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The New Jersey Office of Climate Change Education Explained


"Trenton’s first-in-the-nation Office of Climate Change Education provide sample lesson plans to illustrate how teachers can highlight climate change in class," The Wall Street Journal reveals. Climate change instruction in Science and Social Studies. As they say in improv, yes and...


When learning about U.S. and world history, students are required to explain how natural resources such as fossil fuels remain a source of conflict, both at home and abroad. When mastering a foreign language, students are asked to discuss “the impact of climate change on the target language region of the world.” And in school performances, students are encouraged to use climate change to “inform original dances expressed through multiple genres, styles and varied cultural perspectives.”

If that sounds a bit like brainwashing or, indeed, a lot like brain washing, I'm right there with you.


Constantly haranguing children about the apocalyptic artist formerly known as global warming? Getting them to harangue other children about fossil fuel-related death, disease and displacement? Putting on climate change plays?


The difference between New Jersey public schools and China's reeducation camps is too subtle for me to parse. The Journal is equally adverse to sugar-coating the state's agenda: "New Jersey’s climate curriculum is pure indoctrination."


The Cost of Climate Change


Last year, the New Jersey Office of Climate Change Education doled-out $4.5m to the state's public schools. This year, the legislature allocated an additional $5m to bring the climate change message to teachers in "underserved communities." Running costs? Half-a-mil per year.


A pittance compared to the NJ Department of Education's $18.6b annual budget. And it's not like the state's well-paid educators ($80k per year plus benefits) are slacking on the non-climate change educational side of things. usnews.com ranks New Jersey public schools fourth in the nation.


Exit Strategy


The cynical amongst you might say that NJ's national ranking is less of a reason to celebrate than a condemnation of lower-ranked states, but I couldn't possibly comment. Except to point out that the State has lowered the passing score on its high-school exit exam to allow more seniors to graduate.


And rightfully so! New Jersey is one of just nine states that still mandates an exit exam – a profoundly racist requirement (according to edlawcenter.org) that creates unnecessary accountability on members of the National Education Association union and fails to feed the Secondary Education Industrial Complex.

I'm not saying that infesting the entire New Jersey public school curriculum with climate change messaging affects the quality of public education in the Garden State. But I'm not not saying it either. Call me a right wing recidivist, but I reckon an education system should be teaching children how to think, not what to think.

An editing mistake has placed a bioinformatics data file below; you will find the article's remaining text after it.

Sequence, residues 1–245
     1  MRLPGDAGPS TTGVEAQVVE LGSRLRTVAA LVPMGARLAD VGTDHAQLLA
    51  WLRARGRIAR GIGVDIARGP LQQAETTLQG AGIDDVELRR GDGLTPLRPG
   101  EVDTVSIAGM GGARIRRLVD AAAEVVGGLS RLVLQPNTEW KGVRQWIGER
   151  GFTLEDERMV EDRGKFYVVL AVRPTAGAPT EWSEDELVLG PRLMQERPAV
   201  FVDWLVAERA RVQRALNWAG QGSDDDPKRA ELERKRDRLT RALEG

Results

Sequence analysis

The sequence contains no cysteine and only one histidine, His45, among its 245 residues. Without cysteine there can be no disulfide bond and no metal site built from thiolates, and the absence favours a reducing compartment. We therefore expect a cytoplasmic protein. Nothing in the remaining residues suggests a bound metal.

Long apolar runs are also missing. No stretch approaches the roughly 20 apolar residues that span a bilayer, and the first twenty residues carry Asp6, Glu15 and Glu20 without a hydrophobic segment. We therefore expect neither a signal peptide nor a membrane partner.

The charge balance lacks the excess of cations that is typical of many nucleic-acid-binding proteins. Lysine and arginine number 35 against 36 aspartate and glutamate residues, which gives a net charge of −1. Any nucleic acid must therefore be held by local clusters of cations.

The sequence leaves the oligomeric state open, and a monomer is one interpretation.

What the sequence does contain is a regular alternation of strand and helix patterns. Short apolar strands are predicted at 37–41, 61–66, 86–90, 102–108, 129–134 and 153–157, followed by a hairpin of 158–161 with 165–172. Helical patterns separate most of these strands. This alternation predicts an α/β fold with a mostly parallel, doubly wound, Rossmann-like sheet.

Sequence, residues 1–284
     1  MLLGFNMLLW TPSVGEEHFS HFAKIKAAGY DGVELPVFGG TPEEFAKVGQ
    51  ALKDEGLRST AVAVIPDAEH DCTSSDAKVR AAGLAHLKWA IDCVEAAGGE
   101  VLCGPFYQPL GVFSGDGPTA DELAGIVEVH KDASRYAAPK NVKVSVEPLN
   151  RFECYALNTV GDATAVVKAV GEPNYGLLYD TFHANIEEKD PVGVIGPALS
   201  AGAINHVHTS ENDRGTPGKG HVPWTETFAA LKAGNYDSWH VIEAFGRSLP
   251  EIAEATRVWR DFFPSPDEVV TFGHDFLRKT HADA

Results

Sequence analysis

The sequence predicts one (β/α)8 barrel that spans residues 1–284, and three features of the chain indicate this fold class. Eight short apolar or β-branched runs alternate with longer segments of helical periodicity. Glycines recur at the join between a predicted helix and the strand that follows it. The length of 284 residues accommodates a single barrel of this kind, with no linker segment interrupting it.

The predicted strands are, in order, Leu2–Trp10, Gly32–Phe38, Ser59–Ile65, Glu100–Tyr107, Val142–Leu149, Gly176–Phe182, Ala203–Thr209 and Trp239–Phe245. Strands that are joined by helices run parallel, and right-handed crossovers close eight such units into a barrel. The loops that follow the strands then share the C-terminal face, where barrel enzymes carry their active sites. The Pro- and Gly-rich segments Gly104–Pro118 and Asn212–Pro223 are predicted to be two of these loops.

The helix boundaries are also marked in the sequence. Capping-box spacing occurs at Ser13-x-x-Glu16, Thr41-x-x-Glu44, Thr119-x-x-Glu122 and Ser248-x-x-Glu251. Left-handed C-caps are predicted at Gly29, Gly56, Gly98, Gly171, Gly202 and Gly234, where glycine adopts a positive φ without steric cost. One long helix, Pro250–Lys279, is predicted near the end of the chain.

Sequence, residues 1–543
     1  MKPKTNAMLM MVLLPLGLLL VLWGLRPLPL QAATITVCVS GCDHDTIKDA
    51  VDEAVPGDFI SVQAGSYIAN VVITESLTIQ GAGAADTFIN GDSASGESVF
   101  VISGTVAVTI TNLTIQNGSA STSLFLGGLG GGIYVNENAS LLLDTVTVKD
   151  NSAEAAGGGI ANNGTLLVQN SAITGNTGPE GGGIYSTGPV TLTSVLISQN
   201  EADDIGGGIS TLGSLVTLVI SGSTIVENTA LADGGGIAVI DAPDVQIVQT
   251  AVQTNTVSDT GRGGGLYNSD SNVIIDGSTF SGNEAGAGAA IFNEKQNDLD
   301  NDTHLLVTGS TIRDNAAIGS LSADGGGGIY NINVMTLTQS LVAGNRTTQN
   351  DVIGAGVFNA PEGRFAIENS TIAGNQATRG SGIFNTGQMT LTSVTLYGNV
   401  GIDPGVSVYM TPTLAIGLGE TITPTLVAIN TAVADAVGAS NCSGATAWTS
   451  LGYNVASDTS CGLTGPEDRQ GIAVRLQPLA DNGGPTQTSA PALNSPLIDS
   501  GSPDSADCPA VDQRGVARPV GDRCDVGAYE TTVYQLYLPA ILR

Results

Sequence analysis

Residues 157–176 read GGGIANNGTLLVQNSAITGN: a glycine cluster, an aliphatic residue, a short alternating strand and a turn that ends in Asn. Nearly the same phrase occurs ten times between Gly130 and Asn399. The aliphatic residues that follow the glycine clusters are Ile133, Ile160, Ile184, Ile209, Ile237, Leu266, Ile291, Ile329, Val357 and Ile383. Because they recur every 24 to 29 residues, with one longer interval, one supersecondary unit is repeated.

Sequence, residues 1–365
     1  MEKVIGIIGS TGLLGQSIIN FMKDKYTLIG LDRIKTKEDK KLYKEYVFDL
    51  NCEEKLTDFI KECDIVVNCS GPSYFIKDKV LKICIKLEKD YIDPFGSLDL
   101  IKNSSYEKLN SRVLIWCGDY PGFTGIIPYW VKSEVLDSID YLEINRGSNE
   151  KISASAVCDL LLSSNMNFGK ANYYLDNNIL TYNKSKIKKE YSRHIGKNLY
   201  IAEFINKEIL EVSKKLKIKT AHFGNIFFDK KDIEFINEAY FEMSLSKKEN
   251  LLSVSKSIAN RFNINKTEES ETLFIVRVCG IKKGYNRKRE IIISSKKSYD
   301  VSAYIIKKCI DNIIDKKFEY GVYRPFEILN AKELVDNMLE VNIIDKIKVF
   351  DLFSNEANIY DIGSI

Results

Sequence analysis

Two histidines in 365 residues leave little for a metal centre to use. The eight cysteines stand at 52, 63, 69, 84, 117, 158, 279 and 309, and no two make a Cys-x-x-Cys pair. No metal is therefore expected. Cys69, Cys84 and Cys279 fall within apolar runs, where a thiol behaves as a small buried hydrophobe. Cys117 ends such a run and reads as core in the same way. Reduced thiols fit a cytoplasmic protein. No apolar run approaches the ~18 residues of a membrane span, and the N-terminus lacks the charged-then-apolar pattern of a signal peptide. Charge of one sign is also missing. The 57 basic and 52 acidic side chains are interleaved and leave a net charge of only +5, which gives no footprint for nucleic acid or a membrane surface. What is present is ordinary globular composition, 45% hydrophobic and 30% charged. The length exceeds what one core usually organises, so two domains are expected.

Critical Thinking


NJ's climate crusading First Lady agrees!


Speaking to the educators in charge of convincing kids that Hurricane Sandy was their parents' fault (for example), Ms. Murphy reminds them that "You teach each generation to communicate, to think critically and to be curious about the world around them."


According to Monica AI, "Critical thinking enables individuals to make reasoned judgments and decisions based on evidence and logic rather than emotions or assumptions."


Thinking critically, the existence of an Office of Climate Change Education is based on an assumption. Or am I just assuming that?


[Not] Speaking of A Global Conspiracy


The Journal fails to mention that New Jersey's Office of Climate Change Education was "inspired" by the Paris-based Office for Climate Education (OCE), established to support the United Nations Framework Convention on Climate Change treaty (a.k.a., the Paris Accord).


I don't know if Ms. Murphy or members of the NJ Office are in Malaysia for the International Conference on Curriculum and Educational Teaching, but I wouldn't be surprised.


The Climate Change movement is busy figuring out how to "educate" the next generation on the all-encompassing need to limit greenhouse gasses. By whatever means necessary? Of course not.


The End of the World As We Know It?


Climate change isn't a religion. But it's worldwide promotion has a distinctly evangelical feel. New Jersey's Office of Climate Change Education embodies and promotes that "zeal to heal." It will convince the majority of the state's children that they're living in a world bent on self-destruction.


A concern I grew up with, contemplating the threat of nuclear war and global cooling [sic].


But I reckon preserving and protecting civilization – however you define it – depends on humanity's collective and individual ability to face our challenges using... wait for it... critical thinking.


By all means, teach climate change in the schools. But the world would be far better off if schools were informed/subsidized/influenced by an Office of Critical Thinking. The really sad thing? That it's even necessary.


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